What has tauhid got to do with human rights? Why are family laws so different all over the world? Dr. Amina Wadud helps Sya Tahato detangle these ideas.
Last week, on October 14, I had the glorious opportunity to listen to a lecture by Dr. Amina Wadud on “Islam, Feminism and Human Rights” at Leiden University in the Netherlands. There’s something about strong, intelligent and compelling Muslim women that makes me want to hop on the next train to the next city.
Together with Aquila Style columnist Meaghan, we pass through a tight stream of security and enter a small lecture hall, where Dr. Amina stands behind a lectern, with a large white scarf loosely wrapped over her head. Her eyes glitter behind her glasses, indicating that we sit down and take out our notebooks for notes (and smartphones to ‘live’ Tweet).
Her speech aims to articulate gender equality from an Islamic perspective, using the Qur’an as a primary source of knowledge. Earlier this year I attended several classes by Dr. Asma Barlas, another Muslim woman scholar whose work on equality of the sexes is based on an internal understanding of the Qur’an. I find this methodology so simple and clear, that I often think it must have taken a lot of effort to force patriarchal understandings over time.
Dr. Amina starts with an important point about definitions: that every discussion about “Islam” and “women” must begin with a definition of Islam. Simply stating that “Islam is peace”, “Islam is violent”, or “Islam means hijab” is insufficient because these stock phrases beg the question of “Whose Islam?”
Tauhid implies social justice
I like best her work on the concept of tauhid, with respect to social justice. For Dr. Amina, it is not enough to simply believe in the oneness of God, without this having implications for our behavior as human beings who are God’s Khalifa, or vicegerent on Earth. While I am familiar with this concept, in my mainstream Islamic education I often found this contradiction troubling: while women and men are vicegerents of God, God’s pleasure for women who seek it seems to be conditional upon their roles as mothers, wives or daughters.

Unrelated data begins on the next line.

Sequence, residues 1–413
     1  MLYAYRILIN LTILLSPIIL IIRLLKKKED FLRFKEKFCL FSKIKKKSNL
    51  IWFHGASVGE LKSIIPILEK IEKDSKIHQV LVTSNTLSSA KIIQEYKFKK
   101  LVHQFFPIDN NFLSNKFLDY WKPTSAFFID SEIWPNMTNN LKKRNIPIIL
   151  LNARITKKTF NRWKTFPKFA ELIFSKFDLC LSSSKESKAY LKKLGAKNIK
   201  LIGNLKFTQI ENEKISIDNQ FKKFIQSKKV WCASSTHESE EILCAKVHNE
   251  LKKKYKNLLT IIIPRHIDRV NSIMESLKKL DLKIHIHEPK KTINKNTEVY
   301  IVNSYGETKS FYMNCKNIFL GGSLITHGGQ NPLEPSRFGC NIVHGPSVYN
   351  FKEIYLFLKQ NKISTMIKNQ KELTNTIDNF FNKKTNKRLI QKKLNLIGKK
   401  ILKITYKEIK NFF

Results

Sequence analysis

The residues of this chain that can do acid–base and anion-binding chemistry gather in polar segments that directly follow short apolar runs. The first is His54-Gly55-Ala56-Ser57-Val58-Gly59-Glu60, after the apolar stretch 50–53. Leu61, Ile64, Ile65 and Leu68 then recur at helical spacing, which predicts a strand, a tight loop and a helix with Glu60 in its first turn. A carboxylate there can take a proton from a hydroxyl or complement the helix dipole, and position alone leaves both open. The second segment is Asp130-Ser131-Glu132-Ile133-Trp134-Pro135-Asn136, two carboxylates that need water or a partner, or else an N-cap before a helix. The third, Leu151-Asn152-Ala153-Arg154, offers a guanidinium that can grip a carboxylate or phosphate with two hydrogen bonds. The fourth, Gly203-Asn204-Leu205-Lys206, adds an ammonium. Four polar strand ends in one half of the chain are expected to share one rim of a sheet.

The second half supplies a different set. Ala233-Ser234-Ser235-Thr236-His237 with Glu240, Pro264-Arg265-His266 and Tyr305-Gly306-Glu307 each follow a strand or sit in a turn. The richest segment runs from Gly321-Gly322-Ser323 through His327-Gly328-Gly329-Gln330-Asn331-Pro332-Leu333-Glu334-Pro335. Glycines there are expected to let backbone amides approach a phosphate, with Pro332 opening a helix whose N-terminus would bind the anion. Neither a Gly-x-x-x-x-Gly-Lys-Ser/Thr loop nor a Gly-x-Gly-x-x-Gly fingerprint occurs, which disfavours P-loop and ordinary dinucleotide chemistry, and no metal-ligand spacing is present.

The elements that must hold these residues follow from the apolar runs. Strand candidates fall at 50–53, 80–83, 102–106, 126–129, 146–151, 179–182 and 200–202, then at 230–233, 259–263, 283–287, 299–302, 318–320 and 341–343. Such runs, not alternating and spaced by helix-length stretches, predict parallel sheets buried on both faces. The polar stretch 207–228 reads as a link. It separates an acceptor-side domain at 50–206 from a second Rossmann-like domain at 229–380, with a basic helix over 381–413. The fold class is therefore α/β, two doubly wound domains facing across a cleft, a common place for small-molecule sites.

It is only recently that a discussion deconstructing this (with the plus of being heavily referenced by historical sources) appeared on SuhaibWebb.com, the website of a prominent male (white) American Sunni scholar.[i] The added value that Dr. Amina brings to this concept is that as women, our role as a Khalifa on Earth is unmediated by men. In other words, “the notion of women’s subservience is not a divine construction.”
Sharia laws = family laws
Another important discussion she airs is the development of the nation-state after the colonial period. This historical development led to the conflation of fiqh (jurisprudence) with Sharia (the divine and universal path with justice as the ultimate goal). She finds the phrase “implementation of Sharia by the state” an impossible phrase because Sharia can only be implemented by the Muslim individual. What the state implements should be referred to as the “political will of the state”.
According to Dr. Amina, there is “no such thing as a pure and simple Islamic law”, as shown by the fact that there is no legal system that is accepted by all countries with Islamic laws. Sharia laws in Malaysia differ from those in Singapore, Indonesia, Brunei, Iran, Saudi Arabia and Afghanistan, although countries with the same colonizers tend to have similar Sharia laws. Briefly, the type of colonial law has a great impact on the formulation, scope and degree of Sharia laws in postcolonial countries today.